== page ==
- The Washington Times - Saturday, September 15, 2001

NEW YORK (AP) Coolers, backpacks and large bags will be prohibited at major league baseball parks when games resume Monday, part of the sport's stepped-up security following this week's terrorist attacks.

After a series of meetings that lasted all day, Major League Baseball announced the measures, which include a ban on parking within 100 feet of any stadium, inspection of items fans bring into ballparks and an increase in uniformed law enforcement at all games.

"I think fans will be very comfortable with these provisions," said Kevin Hallinan, baseball's senior vice president of security. "Security and safety is our highest priority."

As American sports started an unprecedented weekend off, athletes expressed fears about travel.

Tiger Woods canceled a trip to Paris next week for the Lancome Trophy, saying he was concerned about safety.

"I have always felt that I must be fully committed to each and every golf competition I enter, but due to this week's events, I am not," Woods said on his Web site. "I also fear that the security risks of traveling overseas at the present time are too great."

In Washington, Michael Jordan shelved plans for a big news conference to announce his decision on an NBA comeback, feeling such a spectacle would be inappropriate while America still is in mourning.

But renewed pride in the Stars and Stripes also was evident, with workers in Buffalo, N.Y., and Jackson, Ala., stitching flags onto every cap major leaguers will wear when play resumes.

Baseball players said resuming the season would lift the spirits of the disheartened nation, much as it did when President Franklin D. Roosevelt ordered the games to go on during World War II.

"You're not going to bring the greatest country in the world to its knees by sneaking up and hitting it in the head from behind," Seattle Mariners pitcher Norm Charlton said. "I would think if you had a chance to ask one of the people who got killed what they wanted us to do, they wouldn't want us to close up shop."

The NFL, Major League Baseball, major college football, professional golf and tennis, auto racing, ice hockey, horse racing just about every one of the events that fill stadiums and TV screens were postponed or canceled through tomorrow.

This will be the first time the NFL has missed a week for a reason other than a labor dispute. The league said it would not have an announcement on rescheduling before Tuesday.

The quiet weekend will give the nation time to dwell on Tuesday's attacks in New York and Washington.

"I don't think those sights will ever leave me," Cleveland third baseman Travis Fryman said. "They'll be forever etched, and maybe they should be. I think it's going to be impossible to ever forget them."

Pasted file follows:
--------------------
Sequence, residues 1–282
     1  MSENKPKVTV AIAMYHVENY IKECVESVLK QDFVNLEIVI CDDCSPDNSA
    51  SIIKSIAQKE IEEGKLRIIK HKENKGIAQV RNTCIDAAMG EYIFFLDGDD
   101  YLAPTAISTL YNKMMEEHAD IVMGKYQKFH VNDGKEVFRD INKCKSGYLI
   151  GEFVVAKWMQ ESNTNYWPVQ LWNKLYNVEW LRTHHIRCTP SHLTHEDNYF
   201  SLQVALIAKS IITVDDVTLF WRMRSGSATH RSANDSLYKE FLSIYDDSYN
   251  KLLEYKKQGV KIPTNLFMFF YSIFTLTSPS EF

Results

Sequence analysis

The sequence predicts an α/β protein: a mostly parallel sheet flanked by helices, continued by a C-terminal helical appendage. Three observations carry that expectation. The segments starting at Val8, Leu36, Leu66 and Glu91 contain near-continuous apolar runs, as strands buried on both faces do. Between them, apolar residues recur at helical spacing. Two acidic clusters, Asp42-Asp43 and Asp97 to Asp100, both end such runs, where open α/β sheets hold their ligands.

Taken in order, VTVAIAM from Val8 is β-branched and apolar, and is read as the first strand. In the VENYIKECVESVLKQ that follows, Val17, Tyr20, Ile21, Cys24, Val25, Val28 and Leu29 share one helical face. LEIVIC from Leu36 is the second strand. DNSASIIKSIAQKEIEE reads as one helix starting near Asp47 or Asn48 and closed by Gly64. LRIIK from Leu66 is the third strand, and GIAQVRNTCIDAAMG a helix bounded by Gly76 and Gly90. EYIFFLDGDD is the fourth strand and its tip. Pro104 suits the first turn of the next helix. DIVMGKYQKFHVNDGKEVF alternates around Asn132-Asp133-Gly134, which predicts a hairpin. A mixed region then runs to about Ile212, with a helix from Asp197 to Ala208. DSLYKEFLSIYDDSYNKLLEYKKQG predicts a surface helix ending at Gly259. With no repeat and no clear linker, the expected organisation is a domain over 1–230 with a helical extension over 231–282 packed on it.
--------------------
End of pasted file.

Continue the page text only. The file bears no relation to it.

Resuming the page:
As a result of this week's events, the University of Michigan wants the government to keep airplanes from flying over its football stadium on game days. Michigan Stadium in Ann Arbor is the nation's largest, with a capacity of 107,501.

"There's legislation in Washington that is about to be acted on to do exactly that," athletic director Bill Martin said, "to give local administrators of the FAA the opportunity to do that."

Athletes, who routinely fly to away games, did little to hide their fears.

"We fly all the time, so now we're terrified," Denver Broncos wide receiver Rod Smith said. "We don't know all the people who are responsible for helping us get from one destination to another. We get on a plane and we take it for granted that our freedom and our safety are secure. Now there's a fear."

In East Rutherford, N.J., about 10 miles from where the World Trade Center stood, the New York Giants evacuated their indoor training facility at Giants Stadium twice yesterday after alarms went off. Coach Jim Fassel said the alarms were caused by a short in an air duct.

"It was a little scary because of the situation, but I didn't think it was too much," safety Sam Garnes said. "I'm sure we would have heard more sirens than that if something was really going on."

Following the cancellation of today's meeting between Columbia and Fordham, just three Division I college football remained on the weekend schedule, all Division I-AA: Morehead State at Jacksonville, Wisconsin-Eau Claire at Valparaiso and Southwest Missouri State at Southeast Missouri.

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